Shear vs. Sheer: How to Choose the Right Word

One has to do with cutting; the other doesn't

shear and sheer
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"Shear" and "sheer" are examples of homophones, words that sound alike but have different meanings. The first can be used as a noun or a verb, and the second can be used as a verb, adjective, or adverb.

How to Use "Shear"

As a verb, "shear" means to cut or to clip (as in "shear the hedges"). As a noun, the word refers to the act, process, or fact of cutting or clipping. The tool used to shear something is known as a pair of shears. In Britain, "shear" is sometimes used as a noun in reference to the process of shearing a sheep (as in "an old sheep that's had many shearings").

A less common meaning of "shear" is found in physics and materials science, where the word refers to the stress produced by certain forces that causes two layers in a substance to shift away from each other. In this context, scientists sometimes speak of "shear stress" and "shearing forces."

How to Use "Sheer"

The verb "sheer" means to turn suddenly or deviate from a course (as in "sheer away from oncoming traffic"). As an adjective, "sheer" means fine or transparent, pure or complete (as in "a sheer silk dress"). The adjective "sheer" can also mean very steep or almost straight up and down (as in "a sheer drop"). "Sheer" can also be used as an adverb, meaning completely or altogether.

Examples

Although "sheer" has several meanings, "shear"—whether it's used as a noun or a verb—almost always refers to cutting, clipping, or trimming:

  • He had to shear the bushes often to keep his lawn looking neat.
  • The farmer trimmed the animal's coat with shears.

"Sheer" is often used as an adjective, typically in reference to something that is see-through or very steep:

  • His chest hair was clearly visible through his sheer T-shirt.
  • A barrier along the cliff kept tourists away from the sheer drop.

"Sheer" can also be used as a synonym for "utter" or "complete":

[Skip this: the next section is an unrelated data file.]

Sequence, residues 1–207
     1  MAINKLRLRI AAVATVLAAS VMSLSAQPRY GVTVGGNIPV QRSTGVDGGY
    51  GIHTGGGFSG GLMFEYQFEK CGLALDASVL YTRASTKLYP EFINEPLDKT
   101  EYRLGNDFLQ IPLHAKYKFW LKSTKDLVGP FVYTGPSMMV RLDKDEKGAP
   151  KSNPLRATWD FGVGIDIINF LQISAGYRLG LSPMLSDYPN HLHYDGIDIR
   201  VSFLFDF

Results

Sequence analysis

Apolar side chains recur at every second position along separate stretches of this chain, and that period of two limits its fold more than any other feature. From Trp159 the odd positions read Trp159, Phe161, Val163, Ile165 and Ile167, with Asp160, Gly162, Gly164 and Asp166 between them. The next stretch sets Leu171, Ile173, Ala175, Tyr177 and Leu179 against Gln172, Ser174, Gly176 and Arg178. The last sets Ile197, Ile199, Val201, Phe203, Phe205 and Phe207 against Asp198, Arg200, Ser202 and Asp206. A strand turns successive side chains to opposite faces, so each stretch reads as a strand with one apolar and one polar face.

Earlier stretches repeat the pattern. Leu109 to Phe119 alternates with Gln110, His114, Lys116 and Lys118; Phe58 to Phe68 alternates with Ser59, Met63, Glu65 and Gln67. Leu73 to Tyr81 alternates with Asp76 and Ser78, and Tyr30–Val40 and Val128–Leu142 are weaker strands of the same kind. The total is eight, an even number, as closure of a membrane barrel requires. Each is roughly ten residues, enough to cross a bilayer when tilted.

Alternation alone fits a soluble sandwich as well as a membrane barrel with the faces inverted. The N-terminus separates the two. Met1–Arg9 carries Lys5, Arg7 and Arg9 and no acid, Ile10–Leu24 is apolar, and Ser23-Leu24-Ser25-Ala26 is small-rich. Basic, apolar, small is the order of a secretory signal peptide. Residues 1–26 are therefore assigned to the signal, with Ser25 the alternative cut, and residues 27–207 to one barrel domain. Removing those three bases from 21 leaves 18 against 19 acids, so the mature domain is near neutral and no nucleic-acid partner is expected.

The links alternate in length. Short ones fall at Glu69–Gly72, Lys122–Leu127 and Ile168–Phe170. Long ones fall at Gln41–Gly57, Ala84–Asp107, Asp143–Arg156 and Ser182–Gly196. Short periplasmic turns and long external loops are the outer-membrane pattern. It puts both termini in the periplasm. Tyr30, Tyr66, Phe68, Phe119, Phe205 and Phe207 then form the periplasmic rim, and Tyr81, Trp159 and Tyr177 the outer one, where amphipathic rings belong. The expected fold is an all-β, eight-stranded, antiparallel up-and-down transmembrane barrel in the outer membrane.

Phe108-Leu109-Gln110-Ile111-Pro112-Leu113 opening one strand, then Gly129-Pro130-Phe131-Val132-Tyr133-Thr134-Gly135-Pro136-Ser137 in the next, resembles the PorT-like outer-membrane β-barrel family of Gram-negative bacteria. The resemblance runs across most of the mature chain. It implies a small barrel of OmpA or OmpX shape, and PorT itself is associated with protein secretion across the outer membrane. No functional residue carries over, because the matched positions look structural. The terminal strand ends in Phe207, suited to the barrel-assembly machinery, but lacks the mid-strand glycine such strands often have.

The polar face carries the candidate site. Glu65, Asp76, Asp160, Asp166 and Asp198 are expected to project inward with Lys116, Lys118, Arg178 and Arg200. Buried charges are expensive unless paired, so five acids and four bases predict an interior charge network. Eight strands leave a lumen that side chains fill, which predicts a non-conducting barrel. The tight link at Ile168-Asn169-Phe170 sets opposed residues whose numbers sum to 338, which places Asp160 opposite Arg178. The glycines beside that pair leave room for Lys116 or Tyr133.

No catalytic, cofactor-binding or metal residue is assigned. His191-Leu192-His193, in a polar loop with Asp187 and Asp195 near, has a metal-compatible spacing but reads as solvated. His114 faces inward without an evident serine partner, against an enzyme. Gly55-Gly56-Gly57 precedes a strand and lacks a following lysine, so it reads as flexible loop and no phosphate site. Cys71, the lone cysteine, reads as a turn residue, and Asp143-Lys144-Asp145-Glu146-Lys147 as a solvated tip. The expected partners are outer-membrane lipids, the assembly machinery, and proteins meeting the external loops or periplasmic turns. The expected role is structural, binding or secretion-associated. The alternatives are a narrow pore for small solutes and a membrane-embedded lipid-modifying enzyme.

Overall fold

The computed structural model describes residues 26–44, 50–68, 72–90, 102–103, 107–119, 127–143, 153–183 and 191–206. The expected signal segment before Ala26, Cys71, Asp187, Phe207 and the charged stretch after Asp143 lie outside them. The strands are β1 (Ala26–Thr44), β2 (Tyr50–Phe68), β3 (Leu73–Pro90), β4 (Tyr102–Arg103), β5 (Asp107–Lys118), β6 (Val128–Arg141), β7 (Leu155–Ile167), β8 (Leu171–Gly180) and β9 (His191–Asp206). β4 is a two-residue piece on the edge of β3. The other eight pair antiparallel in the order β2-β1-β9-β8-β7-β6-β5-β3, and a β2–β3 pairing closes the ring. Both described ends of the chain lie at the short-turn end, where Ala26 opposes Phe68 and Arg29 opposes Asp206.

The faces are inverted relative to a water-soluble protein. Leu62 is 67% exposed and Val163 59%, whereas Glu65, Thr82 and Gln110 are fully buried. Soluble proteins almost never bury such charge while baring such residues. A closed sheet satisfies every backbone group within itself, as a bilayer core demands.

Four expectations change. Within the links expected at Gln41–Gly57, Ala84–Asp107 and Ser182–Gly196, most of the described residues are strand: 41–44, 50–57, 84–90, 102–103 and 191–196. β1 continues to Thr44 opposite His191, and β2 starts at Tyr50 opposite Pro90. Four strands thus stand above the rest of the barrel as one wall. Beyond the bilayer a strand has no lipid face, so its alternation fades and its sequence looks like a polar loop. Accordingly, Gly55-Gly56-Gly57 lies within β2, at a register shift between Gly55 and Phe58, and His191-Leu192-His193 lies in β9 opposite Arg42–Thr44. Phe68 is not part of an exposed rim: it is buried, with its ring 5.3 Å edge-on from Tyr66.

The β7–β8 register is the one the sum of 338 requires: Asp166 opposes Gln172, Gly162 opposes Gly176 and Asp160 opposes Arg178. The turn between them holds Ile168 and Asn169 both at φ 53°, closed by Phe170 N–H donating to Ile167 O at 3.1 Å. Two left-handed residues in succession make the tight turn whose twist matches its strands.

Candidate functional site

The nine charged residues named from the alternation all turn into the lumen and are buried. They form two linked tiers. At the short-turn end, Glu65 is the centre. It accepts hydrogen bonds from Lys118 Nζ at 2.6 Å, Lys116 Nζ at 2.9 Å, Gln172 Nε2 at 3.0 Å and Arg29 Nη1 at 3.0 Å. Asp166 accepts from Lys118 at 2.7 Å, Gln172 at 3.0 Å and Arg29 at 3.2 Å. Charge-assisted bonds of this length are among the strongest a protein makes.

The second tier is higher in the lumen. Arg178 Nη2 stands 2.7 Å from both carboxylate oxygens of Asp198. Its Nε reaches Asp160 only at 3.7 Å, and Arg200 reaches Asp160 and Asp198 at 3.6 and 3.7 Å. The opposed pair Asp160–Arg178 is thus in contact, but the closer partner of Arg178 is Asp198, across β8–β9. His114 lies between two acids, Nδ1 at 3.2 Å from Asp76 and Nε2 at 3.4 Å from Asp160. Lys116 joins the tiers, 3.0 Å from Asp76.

• It was sheer luck that I happened to be there at the right time.
  • The child watched the fireworks with a look of sheer amazement.

As a verb, "sheer" means to turn away from something:

  • Ship captains use GPS technology to sheer away from obstacles.
  • The plane sheered north to avoid the storm system in its path.

How to Remember the Difference

Like many homophones, "sheer" and "shear" are easy to mix up. The only difference between the two is the letter "A." "A" almost resembles an open pair of scissors, which is a good way to remember that "shear" almost always refers to cutting. If you're not talking about cutting something (and you're not a scientist), you probably mean to use the word "sheer" instead.

Shear vs. Shears

Historically, the singular word "shear" was used to refer to a variety of tools for cutting. In "The Canterbury Tales," for example, Chaucer describes the biblical Samson, who kept his hair long in accordance with the Nazarite vow: "This Samson never liquor drank, nor wine. / Nor on his head came razor, nor a shear." In modern English, the word is usually used in the plural form "shears," though the word "shear" is sometimes still used to refer to one blade of such a tool.

Sources

  • Downing, Angela. "English Grammar: a University Course." Routledge, 2015.
  • Straus, Jane. "The Blue Book of Grammar and Punctuation: The Mysteries of Grammar and Punctuation Revealed." John Wiley & Sons, 2006.